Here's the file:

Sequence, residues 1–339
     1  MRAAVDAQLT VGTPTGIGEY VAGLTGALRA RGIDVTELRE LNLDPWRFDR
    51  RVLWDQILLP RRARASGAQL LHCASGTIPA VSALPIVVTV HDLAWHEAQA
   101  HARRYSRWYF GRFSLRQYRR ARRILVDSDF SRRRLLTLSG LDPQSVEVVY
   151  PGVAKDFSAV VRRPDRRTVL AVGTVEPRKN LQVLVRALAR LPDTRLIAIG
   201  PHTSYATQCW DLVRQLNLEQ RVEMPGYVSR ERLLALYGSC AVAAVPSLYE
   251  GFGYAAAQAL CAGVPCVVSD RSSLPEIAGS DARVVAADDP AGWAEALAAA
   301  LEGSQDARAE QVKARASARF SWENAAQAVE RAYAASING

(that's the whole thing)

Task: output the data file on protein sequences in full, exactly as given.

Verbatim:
Sequence, residues 1–339
     1  MRAAVDAQLT VGTPTGIGEY VAGLTGALRA RGIDVTELRE LNLDPWRFDR
    51  RVLWDQILLP RRARASGAQL LHCASGTIPA VSALPIVVTV HDLAWHEAQA
   101  HARRYSRWYF GRFSLRQYRR ARRILVDSDF SRRRLLTLSG LDPQSVEVVY
   151  PGVAKDFSAV VRRPDRRTVL AVGTVEPRKN LQVLVRALAR LPDTRLIAIG
   201  PHTSYATQCW DLVRQLNLEQ RVEMPGYVSR ERLLALYGSC AVAAVPSLYE
   251  GFGYAAAQAL CAGVPCVVSD RSSLPEIAGS DARVVAADDP AGWAEALAAA
   301  LEGSQDARAE QVKARASARF SWENAAQAVE RAYAASING